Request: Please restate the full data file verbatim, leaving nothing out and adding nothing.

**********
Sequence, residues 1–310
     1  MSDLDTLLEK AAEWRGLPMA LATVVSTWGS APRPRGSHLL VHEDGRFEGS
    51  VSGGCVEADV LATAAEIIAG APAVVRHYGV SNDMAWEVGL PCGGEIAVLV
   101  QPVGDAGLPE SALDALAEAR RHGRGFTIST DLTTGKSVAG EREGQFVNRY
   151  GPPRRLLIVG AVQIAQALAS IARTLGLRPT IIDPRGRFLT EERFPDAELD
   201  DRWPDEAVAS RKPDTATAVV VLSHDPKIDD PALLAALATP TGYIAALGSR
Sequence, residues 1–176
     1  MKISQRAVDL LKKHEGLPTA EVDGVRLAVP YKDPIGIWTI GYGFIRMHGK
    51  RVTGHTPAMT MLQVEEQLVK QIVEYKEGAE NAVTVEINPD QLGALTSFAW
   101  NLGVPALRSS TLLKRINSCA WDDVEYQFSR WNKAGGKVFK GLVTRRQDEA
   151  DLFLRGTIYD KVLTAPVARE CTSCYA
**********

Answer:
Sequence, residues 1–310
     1  MSDLDTLLEK AAEWRGLPMA LATVVSTWGS APRPRGSHLL VHEDGRFEGS
    51  VSGGCVEADV LATAAEIIAG APAVVRHYGV SNDMAWEVGL PCGGEIAVLV
   101  QPVGDAGLPE SALDALAEAR RHGRGFTIST DLTTGKSVAG EREGQFVNRY
   151  GPPRRLLIVG AVQIAQALAS IARTLGLRPT IIDPRGRFLT EERFPDAELD
   201  DRWPDEAVAS RKPDTATAVV VLSHDPKIDD PALLAALATP TGYIAALGSR
Sequence, residues 1–176
     1  MKISQRAVDL LKKHEGLPTA EVDGVRLAVP YKDPIGIWTI GYGFIRMHGK
    51  RVTGHTPAMT MLQVEEQLVK QIVEYKEGAE NAVTVEINPD QLGALTSFAW
   101  NLGVPALRSS TLLKRINSCA WDDVEYQFSR WNKAGGKVFK GLVTRRQDEA
   151  DLFLRGTIYD KVLTAPVARE CTSCYA